Becoming a self-advocate comes with understanding

If you want your child to be a self-advocate for their learning (and their needs in general), don't expect them to have a voice until they really understand how they learn.  Your child needs to know they are capable of learning with the right tools and approaches put in front of them.  If your child doesn't understand how they learn -- they will not speak up.  They will stay quiet, hoping no one will see them because they really don't understand what they need to learn.  They may even 'think' they can't learn... and when they feel this way....they will not have a voice to advocate for themselves because they may believe it doesn't matter what is said.   I only speak from experience.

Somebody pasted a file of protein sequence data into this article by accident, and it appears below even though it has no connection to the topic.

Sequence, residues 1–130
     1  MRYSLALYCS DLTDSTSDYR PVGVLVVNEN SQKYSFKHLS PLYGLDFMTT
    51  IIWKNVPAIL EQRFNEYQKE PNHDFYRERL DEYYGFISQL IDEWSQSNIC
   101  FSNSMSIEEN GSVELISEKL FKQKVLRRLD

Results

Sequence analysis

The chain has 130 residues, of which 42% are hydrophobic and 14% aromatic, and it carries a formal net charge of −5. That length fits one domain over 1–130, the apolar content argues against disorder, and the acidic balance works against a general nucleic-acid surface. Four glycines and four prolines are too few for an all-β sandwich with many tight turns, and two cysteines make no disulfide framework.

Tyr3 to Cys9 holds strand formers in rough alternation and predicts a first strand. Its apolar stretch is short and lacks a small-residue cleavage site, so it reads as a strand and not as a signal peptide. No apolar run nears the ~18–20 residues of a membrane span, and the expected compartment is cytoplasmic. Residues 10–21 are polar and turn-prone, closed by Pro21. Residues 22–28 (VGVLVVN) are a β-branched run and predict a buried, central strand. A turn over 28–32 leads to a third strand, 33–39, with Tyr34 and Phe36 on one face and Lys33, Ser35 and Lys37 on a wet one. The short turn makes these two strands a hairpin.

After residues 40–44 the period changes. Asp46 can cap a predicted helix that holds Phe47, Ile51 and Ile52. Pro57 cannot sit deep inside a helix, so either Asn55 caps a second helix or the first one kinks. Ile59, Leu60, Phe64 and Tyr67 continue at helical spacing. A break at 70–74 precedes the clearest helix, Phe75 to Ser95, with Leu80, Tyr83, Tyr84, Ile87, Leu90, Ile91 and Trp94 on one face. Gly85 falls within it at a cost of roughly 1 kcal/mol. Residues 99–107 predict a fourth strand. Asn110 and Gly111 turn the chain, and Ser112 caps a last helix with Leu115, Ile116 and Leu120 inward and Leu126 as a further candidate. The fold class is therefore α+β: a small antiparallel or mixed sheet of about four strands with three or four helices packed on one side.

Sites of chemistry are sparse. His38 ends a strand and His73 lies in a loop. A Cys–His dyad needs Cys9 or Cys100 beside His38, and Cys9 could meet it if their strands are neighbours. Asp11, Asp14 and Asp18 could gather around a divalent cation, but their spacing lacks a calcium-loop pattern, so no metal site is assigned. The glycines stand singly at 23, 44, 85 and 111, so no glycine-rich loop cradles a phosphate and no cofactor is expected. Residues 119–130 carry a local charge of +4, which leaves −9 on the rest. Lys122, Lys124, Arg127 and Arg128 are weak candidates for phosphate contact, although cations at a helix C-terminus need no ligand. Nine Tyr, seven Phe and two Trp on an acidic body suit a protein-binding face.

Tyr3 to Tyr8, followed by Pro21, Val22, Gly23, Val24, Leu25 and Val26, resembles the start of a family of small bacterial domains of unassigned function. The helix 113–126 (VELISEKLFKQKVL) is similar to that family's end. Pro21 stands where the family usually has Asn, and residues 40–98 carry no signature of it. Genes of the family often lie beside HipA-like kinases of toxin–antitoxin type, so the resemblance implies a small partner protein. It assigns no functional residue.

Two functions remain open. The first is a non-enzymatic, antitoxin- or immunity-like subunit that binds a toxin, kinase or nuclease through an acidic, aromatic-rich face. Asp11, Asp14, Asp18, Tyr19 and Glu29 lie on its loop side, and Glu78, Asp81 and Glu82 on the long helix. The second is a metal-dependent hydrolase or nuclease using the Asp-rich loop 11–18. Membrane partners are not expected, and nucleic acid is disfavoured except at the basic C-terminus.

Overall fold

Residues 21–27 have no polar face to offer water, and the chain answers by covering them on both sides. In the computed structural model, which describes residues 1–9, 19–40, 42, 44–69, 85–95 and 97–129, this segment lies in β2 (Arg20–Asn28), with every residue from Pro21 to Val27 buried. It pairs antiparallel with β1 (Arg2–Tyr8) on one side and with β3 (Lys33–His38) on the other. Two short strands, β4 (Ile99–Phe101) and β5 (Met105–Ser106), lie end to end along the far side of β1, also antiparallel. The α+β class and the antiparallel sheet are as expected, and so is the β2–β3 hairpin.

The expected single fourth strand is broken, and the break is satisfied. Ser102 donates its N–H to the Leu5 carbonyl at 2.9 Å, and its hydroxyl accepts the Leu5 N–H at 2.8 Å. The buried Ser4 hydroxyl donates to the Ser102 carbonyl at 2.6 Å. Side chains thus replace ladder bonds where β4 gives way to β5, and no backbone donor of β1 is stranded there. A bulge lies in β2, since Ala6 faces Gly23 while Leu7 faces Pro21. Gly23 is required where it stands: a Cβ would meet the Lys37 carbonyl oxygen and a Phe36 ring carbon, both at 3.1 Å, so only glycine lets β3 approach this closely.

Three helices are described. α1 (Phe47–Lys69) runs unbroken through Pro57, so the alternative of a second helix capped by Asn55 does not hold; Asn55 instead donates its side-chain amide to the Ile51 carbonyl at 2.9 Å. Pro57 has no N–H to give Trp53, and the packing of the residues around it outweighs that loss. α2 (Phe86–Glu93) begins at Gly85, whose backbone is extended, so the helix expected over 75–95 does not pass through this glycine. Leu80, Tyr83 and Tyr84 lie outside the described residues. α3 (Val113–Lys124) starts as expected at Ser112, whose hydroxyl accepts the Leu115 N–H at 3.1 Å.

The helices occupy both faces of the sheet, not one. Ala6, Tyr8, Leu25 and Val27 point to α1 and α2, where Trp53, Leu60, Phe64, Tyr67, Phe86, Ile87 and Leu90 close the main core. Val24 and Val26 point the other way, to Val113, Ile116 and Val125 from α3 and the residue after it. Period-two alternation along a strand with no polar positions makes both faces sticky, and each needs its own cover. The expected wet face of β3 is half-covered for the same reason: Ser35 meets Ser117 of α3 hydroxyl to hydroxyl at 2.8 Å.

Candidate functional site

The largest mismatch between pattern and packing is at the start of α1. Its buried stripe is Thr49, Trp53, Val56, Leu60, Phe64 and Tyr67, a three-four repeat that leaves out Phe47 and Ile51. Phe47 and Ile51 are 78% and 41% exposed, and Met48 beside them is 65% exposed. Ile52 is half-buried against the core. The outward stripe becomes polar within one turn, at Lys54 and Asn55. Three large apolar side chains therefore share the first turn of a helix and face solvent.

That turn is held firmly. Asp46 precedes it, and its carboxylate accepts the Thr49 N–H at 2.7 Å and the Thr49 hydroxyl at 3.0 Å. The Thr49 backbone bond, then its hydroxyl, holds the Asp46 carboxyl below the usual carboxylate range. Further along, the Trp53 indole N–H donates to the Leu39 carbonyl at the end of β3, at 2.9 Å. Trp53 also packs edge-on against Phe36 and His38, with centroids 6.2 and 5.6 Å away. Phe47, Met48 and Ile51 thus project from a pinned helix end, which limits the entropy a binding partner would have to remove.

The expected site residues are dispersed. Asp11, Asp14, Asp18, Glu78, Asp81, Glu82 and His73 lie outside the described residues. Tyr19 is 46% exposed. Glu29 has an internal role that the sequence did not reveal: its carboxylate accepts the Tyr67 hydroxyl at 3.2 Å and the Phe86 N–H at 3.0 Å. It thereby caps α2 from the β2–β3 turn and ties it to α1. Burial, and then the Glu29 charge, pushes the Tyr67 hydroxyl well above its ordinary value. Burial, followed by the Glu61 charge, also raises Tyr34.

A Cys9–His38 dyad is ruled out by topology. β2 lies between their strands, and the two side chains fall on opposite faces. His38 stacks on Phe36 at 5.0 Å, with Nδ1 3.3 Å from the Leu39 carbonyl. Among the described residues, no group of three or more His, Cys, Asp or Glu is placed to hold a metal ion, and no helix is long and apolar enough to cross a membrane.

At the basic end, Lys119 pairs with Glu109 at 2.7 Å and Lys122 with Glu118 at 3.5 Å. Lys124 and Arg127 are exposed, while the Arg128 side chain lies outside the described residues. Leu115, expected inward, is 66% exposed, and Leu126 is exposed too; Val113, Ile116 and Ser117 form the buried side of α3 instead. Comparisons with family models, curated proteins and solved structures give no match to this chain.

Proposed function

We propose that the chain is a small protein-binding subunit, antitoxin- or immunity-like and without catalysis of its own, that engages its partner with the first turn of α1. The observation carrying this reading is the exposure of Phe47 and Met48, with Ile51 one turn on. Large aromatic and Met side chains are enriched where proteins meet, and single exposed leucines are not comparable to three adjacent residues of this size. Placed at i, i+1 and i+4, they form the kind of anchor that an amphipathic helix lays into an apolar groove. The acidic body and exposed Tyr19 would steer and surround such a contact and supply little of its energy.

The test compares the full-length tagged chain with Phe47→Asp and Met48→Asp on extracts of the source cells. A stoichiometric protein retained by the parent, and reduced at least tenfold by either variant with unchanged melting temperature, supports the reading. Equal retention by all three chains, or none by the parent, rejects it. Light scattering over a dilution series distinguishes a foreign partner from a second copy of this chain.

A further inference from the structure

So if you want your child to have a voice.  If you want them to feel good about themselves and who they are.  Then help them 'see' how they learn.  Help them understand what fits their learning.  Allow them to see progress with their learning, not only through the support of others but how they can learn on their own (yes, independent learning is important). 

I can't cover all the details of how to do this in this one blog post.  But I want you to know that you can help your child figure out how they learn.  You can offer them the supports and tools that fit their learning so they can gain confidence in their learning ability.  And once you have that, you have a child with a voice!  A child that will confidently say...this is what I need to learn.  

And I love when I see this happening!! 

Susan